Shampoos are often effective at removing fleas that a dog currently has on him, but usually have no residual effects past 24-48 hours. Work the shampoo into a lather over your dog’s entire body, using caution around his eyes and ears, and leave on for the recommended amount of time before rinsing.

Should You Treat the Yard for Fleas?

If you are dealing with fleas on your dog and in your home, more than likely you also have a flea infestation in your yard. Therefore, it’s best to treat both your home and yard to get rid of pesky fleas for good.

Yard sprays are an effective way to kill and repel fleas outdoors. Most sprays attach to your garden hose for easy application. Most gallon sized yard sprays up to 5,000 square feet, so you are often able to use multiple times depending on the size of your yard. You’ll want to cover your entire yard and pay close attention to areas under bushes and trees where fleas and ticks like to hide. Bayer makes an effective, easy-to-use spray that lasts up to a month and kills and repels fleas, ticks, mosquitoes and other pests. With the Advantage Yard & Premise Spray, you’re able to treat up to 16,000 square feet.

For an all-natural yard spray, Wondercide uses cedar oil as the active ingredient to kill fleas and ticks on contact. Wondercide Yard Flea & Tick Spray will cover up to 4,000 square feet using no artificial colors, fragrances or synthetic pesticides.

Treating your yard in addition to using a spray carefully indoors and flea preventative for your dog will ensure fleas die and do not return. Spray your pet’s bedding with an indoor specific treatment, like Petlock Flea and Tick Indoor Home Spray, to ensure you’ve killed all adult fleas. For indoors, be persistent with vacuuming and washing your dog’s bedding and toys for multiple weeks to make sure flea eggs, larvae and pupae are being eliminated too.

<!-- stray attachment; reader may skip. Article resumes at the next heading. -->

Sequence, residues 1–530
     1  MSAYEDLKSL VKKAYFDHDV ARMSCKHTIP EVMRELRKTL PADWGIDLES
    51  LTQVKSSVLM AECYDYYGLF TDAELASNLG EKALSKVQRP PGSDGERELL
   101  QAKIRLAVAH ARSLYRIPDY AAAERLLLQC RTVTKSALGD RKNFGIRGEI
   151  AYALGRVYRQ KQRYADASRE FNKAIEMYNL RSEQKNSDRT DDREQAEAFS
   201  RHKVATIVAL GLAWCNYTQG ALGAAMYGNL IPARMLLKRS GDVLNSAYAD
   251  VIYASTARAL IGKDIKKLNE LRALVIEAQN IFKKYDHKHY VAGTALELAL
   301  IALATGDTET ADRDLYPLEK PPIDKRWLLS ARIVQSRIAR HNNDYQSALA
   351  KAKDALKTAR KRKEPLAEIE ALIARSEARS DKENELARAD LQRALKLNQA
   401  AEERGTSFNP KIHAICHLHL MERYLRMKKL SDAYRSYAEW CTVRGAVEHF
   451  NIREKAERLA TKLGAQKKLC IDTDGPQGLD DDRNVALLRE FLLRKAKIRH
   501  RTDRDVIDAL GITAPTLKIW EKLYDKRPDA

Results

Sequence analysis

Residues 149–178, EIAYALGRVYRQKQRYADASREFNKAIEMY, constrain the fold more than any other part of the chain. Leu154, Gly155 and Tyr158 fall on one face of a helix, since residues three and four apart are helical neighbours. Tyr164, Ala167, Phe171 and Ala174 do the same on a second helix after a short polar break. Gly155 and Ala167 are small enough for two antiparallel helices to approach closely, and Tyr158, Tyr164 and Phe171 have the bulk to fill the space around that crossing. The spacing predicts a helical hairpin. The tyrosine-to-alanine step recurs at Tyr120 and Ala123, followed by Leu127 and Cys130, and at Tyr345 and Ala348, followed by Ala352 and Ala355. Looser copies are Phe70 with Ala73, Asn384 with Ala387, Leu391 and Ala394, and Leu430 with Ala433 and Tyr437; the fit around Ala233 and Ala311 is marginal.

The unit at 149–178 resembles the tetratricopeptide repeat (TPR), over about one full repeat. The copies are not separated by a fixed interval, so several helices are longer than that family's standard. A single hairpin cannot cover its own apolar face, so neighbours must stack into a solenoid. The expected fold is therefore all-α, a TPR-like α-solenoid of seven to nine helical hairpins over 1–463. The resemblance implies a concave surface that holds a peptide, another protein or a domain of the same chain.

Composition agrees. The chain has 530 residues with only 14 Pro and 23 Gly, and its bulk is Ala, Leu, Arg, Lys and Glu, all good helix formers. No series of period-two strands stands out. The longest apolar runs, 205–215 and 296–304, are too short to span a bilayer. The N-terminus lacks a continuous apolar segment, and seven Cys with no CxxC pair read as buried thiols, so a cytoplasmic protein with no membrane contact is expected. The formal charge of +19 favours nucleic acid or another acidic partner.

Make Sure You Kill All Life Stages of Fleas

Fleas can be tough to get rid of when there’s a serious infestation in your home or yard. It’s crucial that you take a comprehensive approach as quickly as you can to prevent the flea population from multiplying rapidly. Make sure you treat your pets, home, and yard, and retreat everything within three weeks’ time to ensure you’ve gotten the adult fleas and flea eggs.

Natural Flea and Tick Remedies: Do They Work?

Natural flea remedies for dogs can work well but require additional application time compared to other methods. For those concerned about using synthetic pesticides in their home and yard and on their dog, the extra time is a worthwhile trade off for the peace of mind an all-natural flea treatment brings.

Why Use Natural Flea and Tick Products?

While topicals such as Advantix and Advantage and collars like Seresto work well to prevent flea and tick infestations, some dogs and cats may be sensitive to the chemicals used in these and other synthetic preventatives. As an alternative, all-natural sprays, collars, and shampoos are options for pets with sensitive skin.

Some pet parents may also be concerned about their children being exposed to the harsh chemicals used in some topical and collar preventatives and are opting for a natural approach. Others might be concerned what the long-term effects of year-round use of these chemicals on their pets could be.

Are All-Natural Flea and Tick Preventatives Effective?